The patient was transferred into the operating room for the second time a week later. First the abdomen’s internal space was washed, then the skin, fascia, and the restoration were performed. On the 25th day of her hospitalization, the patient got diarrhea and had abdominal pain. Laboratory tests and CT scans were performed and showed, in order, increased serum amylase and lipase and swelling of the pancreas. Thus, with a diagnosis of pancreatitis, the patient was under TPN and supportive treatments. Ultimately, on the 33rd day of her hospitaliza- tion, she was discharged in good general health.

The synchronization of perforated appendicitis and OHSS syndrome, based on our knowledge, was reported for the first time by Van Hoorde et al in 1992. This report described a case of perforated appendicitis fol- lowing transvaginal oocyte retrieval [1].Next, in 2002, Fujimoto and co- workers reported a patient with OHSS, which was complicated by peri- tonitis due to perforated appendicitis. The patient had fever, tachycar- dia, and severe abdominal distension. In this case there was, simultaneously, a right tubal pregnancy [2]. Here, we report another case of perforated appendicitis with OHSS, which led to peritonitis.

0735-6757/(C) 2016

Unlike the case reported by Hoorde et al, in patients in our studies with OHSS and perforated appendicitis, and according to Fujimoto reports, transvaginal procedures were not performed. Thus, the appen- dix damage probability is canceled. But in the present case, the patient had no fever until we performed paracentesis for the relief of ab- dominal distension.

Patients with OHSS may complain of clinical symptoms and signs such as abdominal discomfort, a bloated feeling, abdominal distension and pain, nausea, and vomiting [3], which we can see in appendicitis [4]. Abdominal pain [5] and acute appendicitis are the most common complaint in the emergency department [6].

The clinical presentation is often atypical and the diagnosis is partic- ularly difficult because symptoms often overlap with other conditions [7]. The pain associated with migration of appendicitis to the right lower quadrant [4] was not manifested in this case. Both fever and an el- evated white blood count [8], as observed in appendicitis, were not found with any relevance.

The question here is whether perforated appendicitis should be in- cluded as a complication of OHSS or not. As was stated previously, there is a question of which of these two pathologies belongs to each other or which condition of each one affects the clinical aspect of the other [2].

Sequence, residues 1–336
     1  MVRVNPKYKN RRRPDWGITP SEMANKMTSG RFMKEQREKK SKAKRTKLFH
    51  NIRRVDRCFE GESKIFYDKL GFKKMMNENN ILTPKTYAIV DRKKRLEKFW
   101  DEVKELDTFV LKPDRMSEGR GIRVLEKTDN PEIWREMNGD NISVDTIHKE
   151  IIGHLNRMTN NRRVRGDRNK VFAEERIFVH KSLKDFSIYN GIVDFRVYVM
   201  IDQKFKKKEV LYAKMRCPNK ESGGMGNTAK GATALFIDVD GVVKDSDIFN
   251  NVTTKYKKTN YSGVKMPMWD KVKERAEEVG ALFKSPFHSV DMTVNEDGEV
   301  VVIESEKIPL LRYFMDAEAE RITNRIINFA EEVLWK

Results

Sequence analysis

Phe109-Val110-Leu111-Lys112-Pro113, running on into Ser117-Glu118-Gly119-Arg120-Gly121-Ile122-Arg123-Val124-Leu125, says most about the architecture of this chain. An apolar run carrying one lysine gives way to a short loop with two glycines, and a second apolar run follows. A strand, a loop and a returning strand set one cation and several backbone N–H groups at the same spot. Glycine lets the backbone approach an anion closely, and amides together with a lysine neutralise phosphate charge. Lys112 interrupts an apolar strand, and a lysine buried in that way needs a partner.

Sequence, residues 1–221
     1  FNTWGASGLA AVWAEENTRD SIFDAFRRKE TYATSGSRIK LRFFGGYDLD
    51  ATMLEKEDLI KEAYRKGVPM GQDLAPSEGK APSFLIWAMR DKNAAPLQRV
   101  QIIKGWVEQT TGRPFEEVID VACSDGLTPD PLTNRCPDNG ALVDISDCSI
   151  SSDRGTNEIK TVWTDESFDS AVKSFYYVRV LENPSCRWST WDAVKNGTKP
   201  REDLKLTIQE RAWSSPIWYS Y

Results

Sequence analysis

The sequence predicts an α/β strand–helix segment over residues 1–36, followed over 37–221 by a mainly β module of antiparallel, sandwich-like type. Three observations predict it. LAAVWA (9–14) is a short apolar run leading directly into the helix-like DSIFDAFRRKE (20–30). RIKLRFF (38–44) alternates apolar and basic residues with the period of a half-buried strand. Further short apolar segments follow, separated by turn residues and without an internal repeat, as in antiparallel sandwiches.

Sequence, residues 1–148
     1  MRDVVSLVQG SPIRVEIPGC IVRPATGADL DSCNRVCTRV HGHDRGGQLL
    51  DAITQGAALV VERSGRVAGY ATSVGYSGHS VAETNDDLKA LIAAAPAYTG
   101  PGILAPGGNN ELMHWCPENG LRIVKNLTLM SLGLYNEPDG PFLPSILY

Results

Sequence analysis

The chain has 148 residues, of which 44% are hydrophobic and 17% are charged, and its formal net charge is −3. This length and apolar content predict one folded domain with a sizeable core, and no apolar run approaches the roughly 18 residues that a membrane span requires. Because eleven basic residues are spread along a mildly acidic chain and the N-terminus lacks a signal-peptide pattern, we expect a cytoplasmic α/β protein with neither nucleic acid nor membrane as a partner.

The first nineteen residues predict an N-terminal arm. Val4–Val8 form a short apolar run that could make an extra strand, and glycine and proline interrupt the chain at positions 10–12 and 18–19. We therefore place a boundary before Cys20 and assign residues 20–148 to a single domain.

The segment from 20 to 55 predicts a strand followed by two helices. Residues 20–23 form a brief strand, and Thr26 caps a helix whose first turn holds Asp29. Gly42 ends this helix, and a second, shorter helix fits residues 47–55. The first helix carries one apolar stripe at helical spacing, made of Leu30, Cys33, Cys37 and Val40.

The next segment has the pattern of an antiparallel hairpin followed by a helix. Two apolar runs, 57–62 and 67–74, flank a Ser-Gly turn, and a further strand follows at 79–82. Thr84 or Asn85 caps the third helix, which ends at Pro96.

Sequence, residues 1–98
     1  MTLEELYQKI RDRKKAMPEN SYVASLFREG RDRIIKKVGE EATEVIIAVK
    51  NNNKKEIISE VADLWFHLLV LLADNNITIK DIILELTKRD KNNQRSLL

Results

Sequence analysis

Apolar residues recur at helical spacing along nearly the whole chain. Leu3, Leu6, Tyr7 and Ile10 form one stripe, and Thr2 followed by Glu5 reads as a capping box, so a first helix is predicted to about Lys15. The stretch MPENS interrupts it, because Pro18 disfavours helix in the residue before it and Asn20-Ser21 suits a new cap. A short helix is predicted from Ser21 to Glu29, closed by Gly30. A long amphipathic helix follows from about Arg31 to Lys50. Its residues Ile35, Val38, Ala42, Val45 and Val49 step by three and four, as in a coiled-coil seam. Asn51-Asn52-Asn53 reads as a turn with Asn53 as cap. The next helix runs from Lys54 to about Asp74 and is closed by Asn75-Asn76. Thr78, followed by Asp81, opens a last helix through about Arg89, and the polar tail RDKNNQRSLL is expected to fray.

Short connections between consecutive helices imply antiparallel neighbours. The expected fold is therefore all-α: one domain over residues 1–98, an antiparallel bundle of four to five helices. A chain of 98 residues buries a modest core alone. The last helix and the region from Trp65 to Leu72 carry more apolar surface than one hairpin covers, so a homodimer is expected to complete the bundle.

The immunodeficiency role of OHSS has been reported. The infection is high in severe OHSS for lack of plasma globulins, which leads to some degree of immunodeficiency [9]. Hypoglobulinemia in the patients with severe OHSS leads to immunodeficiency. Thus, the rate of infectious dis- ease rises. The probability of the effect of OHSS on the course of appen- dicitis increases [9], and there is a probability on which the appendicitis with OHSS can play a more aggressive role than that without OHSS. Through the existing albumin in the ascites fluid, it is a proper culture medium for the bacteria to grow rapidly [10].

Moreover, the immunoprotective status is impaired by severe stresses associated with symptoms of OHSS, a hospital stay, multiple monitoring, and therapies [11,12]. Severe stress can be a determining factor in the co-existence of OHSS with a perforated Duodenal ulcer [11]. Severe OHSS is life threatening and the diagnosis of appendicitis was difficult and complicated in this case. Because the patient with OHSS may complain of some clinical symptoms and signs, which can be ob- served in other acute abdominal ailments, such as appendicitis, we rec- ommend the following: When the patient with OHSS undergoes supportive medical care and despite their treatment, he or she does not stabilize and abdominal pain and distention continue, we consider

other problems of acute abdominal pain, such as appendicitis.

Severe OHSS is life threatening and the diagnosis of appendicitis was difficult and complicated in this case. When the patient with OHSS un- dergoes supportive medical care and despite their treatment, he or she does not stabilize and abdominal pain and distention continue, we consider other problems of acute abdominal pain, such as appendicitis.

Acknowledgements

We thank the Clinical Research Development Unit of Rouhani Hospital.

Zinatossadat Bouzari, MD Cellular & Molecular Biology Research Center Associate of Department of Obstetrics & Gynecology Babol University of Medical Sciences, Babol, Iran

Fateme Zahra Fertility & Infertility Research Health Center Associate of Obstetrics & Gynecology Department Babol of University of Medical Science, Babol, Iran

Shahla Yazdani, MD Cellular & Molecular Biology Research Center Associate of Department of Obstetrics & Gynecology Babol University of Medical Sciences, Babol, Iran

Fateme Zahra Fertility & Infertility Research Health Center Associate of Obstetrics & Gynecology Department Babol of University of Medical Science, Babol, Iran Clinical Research Development Unit of Rouhani Hospital Associate of Obstetrics & Gynecology Department Babol of University of Medical Science, Babol, Iran

Corresponding author. Fateme Zahra Fertility & Infertility Research Health Center, Clinical Research Development Unit of Rouhani Hospital

Associate of Obstetrics & Gynecology Department Babol of University of Medical Science, Ganjafroz street

Babol, Iran, 47745-47176 Tel.: +98 9112142116; fax: +98 1112229591

E-mail address: [email protected]

Toktam Sadeghi, MD

Student Committee Research, Babol University of Medical Sciences

Babol, Iran

http://dx.doi.org/10.1016/j.ajem.2016.03.015